CLEVELAND — Football is perhaps one of the more popular sports in Northeast Ohio. From the loyalty fans show to the professional team in Cleveland to the passion felt on the sidelines of a high school game, it's clear how deeply rooted the sport is locally. But a version of the sport that serves as a more inclusive entry into football is gaining traction here in Northeast Ohio and on a global scale as flag football grows in popularity.
The surge of interest in flag football was showcased by the Cleveland Browns this month. The organization hosted its inaugural Girls High School Flag Football Championship Tournament at FirstEnergy Stadium, inviting girls' teams from across Northeast Ohio to compete against each other on the NFL field.
Berkshire High School, Cleveland Heights High School, Euclid High School, Hawken High School, Kirtland High School, Lake Catholic High School, Mentor High School, Perry High School and Strongsville High School all participated in the tournament.
Browns players like fullback Johnny Stanton, quarterback Jacoby Brissett and defensive end Isaac Rochell were at the tournament, meeting with the girls and talking about the game with them on the sidelines. The moment was inspiring for the Browns players as well, who are excited to see flag football expand.
"That's how I started football, I was in second grade, I played on a city flag football team and my dad coached me all the way through to high school," Stanton said. "It's cool to see these girls get to have the same experience, get a chance to play at an NFL stadium."
Brissett also got his start playing flag football as a kid and remembers that phase of his football experience fondly.
"I played when I was younger and then when I was in middle school for two years," Brissett said. "It was the best day of the week. You got to go out there, go have fun, play with your teammates, your classmates and go against some of the schools that you may have friends at. And it was a lot of fun."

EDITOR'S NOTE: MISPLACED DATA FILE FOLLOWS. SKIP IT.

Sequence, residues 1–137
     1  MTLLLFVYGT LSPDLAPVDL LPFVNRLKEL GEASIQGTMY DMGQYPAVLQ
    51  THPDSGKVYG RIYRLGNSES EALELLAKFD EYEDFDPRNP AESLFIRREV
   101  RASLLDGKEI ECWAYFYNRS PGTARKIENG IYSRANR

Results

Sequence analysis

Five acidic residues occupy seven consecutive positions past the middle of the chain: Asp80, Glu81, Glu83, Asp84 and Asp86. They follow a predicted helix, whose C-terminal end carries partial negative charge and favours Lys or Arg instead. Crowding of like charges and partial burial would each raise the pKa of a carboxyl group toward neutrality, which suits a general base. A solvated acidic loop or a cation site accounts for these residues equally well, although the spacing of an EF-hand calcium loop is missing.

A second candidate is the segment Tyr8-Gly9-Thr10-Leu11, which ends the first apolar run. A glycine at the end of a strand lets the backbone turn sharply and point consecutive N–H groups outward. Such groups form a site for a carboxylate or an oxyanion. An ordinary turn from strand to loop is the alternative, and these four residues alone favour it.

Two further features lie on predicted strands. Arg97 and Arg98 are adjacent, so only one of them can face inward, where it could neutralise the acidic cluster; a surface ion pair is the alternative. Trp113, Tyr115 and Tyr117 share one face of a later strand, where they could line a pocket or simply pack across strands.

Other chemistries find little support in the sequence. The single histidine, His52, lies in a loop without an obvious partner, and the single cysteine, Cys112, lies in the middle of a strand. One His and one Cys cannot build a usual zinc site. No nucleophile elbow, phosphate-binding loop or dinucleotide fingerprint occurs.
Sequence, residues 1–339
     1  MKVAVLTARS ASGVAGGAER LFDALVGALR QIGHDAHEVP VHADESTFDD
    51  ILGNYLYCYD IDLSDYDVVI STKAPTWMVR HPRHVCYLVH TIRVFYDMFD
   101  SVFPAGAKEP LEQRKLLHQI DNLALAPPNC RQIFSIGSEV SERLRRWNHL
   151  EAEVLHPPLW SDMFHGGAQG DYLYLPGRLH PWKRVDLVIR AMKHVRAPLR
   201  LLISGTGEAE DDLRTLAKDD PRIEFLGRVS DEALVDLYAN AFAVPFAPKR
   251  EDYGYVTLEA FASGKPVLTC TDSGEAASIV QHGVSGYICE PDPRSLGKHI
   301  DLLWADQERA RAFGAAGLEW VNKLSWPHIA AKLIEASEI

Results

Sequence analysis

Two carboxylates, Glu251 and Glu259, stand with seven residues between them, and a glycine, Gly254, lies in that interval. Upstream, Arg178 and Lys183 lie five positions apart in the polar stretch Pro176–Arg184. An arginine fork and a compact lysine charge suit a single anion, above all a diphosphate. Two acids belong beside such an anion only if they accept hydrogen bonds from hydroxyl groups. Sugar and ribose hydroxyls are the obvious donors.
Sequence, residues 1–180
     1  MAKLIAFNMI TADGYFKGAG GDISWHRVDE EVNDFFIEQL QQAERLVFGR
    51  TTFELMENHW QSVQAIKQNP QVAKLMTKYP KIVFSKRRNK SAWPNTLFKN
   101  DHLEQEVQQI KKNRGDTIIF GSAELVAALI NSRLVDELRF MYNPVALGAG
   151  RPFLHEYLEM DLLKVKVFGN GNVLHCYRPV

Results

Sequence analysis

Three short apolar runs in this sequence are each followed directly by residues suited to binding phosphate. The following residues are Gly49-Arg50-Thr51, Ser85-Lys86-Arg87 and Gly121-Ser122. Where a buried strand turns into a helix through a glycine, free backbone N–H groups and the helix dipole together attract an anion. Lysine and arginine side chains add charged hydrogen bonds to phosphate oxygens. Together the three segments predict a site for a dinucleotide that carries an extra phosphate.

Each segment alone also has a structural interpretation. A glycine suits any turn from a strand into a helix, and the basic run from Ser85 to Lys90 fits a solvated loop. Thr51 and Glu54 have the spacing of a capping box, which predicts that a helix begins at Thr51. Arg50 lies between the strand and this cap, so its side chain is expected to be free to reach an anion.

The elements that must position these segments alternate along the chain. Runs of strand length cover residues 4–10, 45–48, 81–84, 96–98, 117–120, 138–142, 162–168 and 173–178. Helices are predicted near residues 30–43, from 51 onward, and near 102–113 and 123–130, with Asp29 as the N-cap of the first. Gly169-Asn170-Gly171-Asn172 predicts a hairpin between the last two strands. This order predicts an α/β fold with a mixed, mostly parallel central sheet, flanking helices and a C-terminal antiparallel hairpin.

The Browns have played a big part in boosting flag football across Northeast Ohio, giving teams opportunities to not only play against each other but grow their knowledge of the game from mentors and experts.
"We have a junior Browns program where kids can start playing flag football and learn the basics and learn the joy of the sport—scoring a touchdown, having one of your friends throw you a pass," said Browns VP of Community Relations Jenner Tekancic. "We've been really encouraging the football development model, which talks about flag football as being the entry point when you want to learn the sport and just have fun playing the sport."
Meanwhile, teachers of the game, like Browns Chief of Staff and Assistant Wide Receiver Coach Callie Brownson, see how important this increased interest in flag football can be for young players, particularly for girls looking for opportunities to enter the football world.
"It's a great starting point for everybody. This is giving them an opportunity to get an education in the game and to play it at a competitive level and to be involved," Brownson said.
The Browns' trail-blazing coach is looking forward to seeing the growth continue and hopes events like the one hosted by the Browns become more commonplace across the state and country.
"We definitely hope [with] what's happening here in Northeast Ohio, people are taking notice, and having an event like this here at the stadium, people will take notice," Brownson said. "This is really going to help us project this thing and make other people think like, 'hey, why aren't we doing something?' So you really want to set the blueprint? This is a pretty cool blueprint."
And as the Browns continue to encourage flag football, the surge in interest is spreading globally as well.
The sport was recently introduced as an invitational sport at The World Games, making its debut this year in Birmingham, Alabama. The flag football competitions will run from July 10 through July 14, with The World Games scheduled for July 7 through July 17.
Camryn Justice is a reporter at News 5 Cleveland. Follow her on Twitter @camijustice.
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